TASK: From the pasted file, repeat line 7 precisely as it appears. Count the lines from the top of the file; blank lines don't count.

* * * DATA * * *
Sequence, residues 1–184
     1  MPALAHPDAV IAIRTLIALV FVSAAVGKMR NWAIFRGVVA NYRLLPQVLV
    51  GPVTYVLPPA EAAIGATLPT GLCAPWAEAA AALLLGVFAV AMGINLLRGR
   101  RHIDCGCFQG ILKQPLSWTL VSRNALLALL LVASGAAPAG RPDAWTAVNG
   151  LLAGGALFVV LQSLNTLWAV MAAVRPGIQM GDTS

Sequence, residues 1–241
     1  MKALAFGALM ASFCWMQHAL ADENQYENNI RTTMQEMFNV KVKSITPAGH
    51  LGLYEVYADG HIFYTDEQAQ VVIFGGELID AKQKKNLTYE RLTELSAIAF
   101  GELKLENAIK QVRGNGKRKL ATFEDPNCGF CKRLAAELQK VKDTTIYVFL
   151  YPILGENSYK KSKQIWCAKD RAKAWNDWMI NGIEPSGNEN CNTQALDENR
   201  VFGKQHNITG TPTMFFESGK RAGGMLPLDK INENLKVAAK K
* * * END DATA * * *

     1  MKALAFGALM ASFCWMQHAL ADENQYENNI RTTMQEMFNV KVKSITPAGH